Consolidated tape effort revived in Europe as ESMA launches consultation

ESMA chair Steven Maijoor says it is time to decide if and how a consolidated tape should be produced in Europe.

European market participants could soon see the launch of a much-desired consolidated tape as the EU markets regulator seeks industry feedback on whether to go ahead with the project.

An industry consultation has been launched by the European Securities and Markets Authority (ESMA) as part of a review of MiFID II to identify how a consolidated tape could be established should the European Commission decide to move forward with the endeavour.

“Establishing a consolidated tape in the EU has been discussed for many years. I believe it is time to decide if and how we want to go ahead with this ambitious project and ESMA is ready to provide support to the co-legislators on the right way forward,” said Steven Maijoor, chair of ESMA.

Efforts to develop a consolidated tape in Europe have been thwarted in the past due to concerns around the high costs of developing a tape in a restrictive regulatory environment with a lack of clear commercial benefits, despite widespread pleas from participants in both equities and non-equities.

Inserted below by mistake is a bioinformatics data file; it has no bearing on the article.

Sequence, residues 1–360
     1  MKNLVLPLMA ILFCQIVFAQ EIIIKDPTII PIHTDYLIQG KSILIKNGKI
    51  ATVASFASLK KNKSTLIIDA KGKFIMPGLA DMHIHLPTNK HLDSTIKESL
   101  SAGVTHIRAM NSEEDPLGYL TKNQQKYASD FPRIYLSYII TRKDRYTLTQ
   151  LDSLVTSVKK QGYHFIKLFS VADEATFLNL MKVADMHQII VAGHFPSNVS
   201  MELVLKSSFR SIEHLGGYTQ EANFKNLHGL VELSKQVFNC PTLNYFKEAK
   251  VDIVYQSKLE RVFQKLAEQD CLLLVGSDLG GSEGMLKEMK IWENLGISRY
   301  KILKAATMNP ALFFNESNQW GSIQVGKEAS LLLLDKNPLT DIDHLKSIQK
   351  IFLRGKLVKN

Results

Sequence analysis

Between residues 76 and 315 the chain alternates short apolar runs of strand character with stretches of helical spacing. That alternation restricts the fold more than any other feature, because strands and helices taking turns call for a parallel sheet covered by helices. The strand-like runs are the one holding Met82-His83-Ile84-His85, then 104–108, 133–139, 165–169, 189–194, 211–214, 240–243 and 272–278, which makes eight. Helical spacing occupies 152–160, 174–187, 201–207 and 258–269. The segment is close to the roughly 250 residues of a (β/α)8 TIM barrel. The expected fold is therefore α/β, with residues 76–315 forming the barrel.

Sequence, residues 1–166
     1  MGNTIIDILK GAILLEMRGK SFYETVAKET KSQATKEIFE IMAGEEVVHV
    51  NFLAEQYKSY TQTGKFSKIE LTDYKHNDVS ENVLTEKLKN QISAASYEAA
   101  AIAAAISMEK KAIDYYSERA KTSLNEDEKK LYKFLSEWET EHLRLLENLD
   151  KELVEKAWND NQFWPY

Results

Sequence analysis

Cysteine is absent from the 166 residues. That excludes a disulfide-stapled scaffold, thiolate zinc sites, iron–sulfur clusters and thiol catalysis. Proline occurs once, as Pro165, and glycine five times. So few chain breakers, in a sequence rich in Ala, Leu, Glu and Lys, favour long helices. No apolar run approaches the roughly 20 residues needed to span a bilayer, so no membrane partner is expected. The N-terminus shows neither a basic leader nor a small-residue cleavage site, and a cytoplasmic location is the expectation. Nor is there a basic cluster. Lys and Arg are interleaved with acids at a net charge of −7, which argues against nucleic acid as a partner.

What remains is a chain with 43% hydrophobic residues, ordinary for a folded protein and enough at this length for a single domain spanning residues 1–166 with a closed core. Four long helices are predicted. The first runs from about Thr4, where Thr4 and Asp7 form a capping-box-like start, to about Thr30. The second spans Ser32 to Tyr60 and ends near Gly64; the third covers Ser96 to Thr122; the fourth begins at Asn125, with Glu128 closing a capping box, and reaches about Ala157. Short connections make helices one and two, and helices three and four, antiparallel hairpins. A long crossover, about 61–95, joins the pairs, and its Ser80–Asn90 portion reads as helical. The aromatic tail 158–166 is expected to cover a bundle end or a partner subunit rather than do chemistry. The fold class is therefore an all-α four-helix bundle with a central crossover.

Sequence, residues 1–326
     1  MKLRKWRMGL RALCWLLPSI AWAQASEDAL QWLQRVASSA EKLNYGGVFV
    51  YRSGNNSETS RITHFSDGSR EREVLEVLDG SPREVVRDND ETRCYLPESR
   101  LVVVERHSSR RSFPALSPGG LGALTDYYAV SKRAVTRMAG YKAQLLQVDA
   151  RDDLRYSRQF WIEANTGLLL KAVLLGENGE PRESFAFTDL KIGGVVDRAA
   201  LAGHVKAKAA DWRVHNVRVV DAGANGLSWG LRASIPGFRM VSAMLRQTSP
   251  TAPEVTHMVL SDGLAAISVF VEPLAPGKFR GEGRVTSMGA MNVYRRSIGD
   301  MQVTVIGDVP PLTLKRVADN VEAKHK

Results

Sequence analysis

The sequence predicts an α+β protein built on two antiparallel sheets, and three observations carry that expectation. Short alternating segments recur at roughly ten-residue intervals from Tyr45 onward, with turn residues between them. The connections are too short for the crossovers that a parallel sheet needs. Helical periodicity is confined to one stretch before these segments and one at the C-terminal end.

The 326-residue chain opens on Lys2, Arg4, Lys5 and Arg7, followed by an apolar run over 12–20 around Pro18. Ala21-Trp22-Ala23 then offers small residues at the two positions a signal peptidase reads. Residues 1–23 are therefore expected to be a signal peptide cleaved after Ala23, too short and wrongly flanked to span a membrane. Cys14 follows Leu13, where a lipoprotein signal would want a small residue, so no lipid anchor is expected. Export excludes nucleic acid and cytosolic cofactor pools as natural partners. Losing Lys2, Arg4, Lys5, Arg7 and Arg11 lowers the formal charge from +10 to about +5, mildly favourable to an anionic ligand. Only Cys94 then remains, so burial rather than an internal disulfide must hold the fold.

MiFID II laid out requirements for voluntarily consolidated tape providers, but it did not mandate the establishment of a consolidated tape that firms would have to submit transaction data to, as is the case in the US.

The consultation is focused on the development of a tape for equities, with ESMA noting that implementing a tape for non-equity instruments will be more difficult, but potential providers should gain experience from developing an equities tape which can then be deployed to the non-equity tape.

At the same time, and in the same consultation, ESMA is also seeking industry comment on new market data fees that have emerged under MiFID II, such as fees for systematic internaliser data, risk management data and data required for market abuse compliance.

“Discussions on the cost of market data in the EU have been to the fore for many years with differing views expressed by trading venues selling this data and market data users buying it – MiFID II aims to change this landscape,” Maijoor added.

“We have received a lot of feedback as to whether the price for market data is reasonable, in addition to concerns on price increases and new fees in an environment driven by technological development and a high demand for market data. This new consultation forms an important part of the reviews of MiFID II as we assess developments in this area.”

ESMA’s consultation will close in early September, after which the regulator will develop a final report to be submitted to the European Commission for review in December.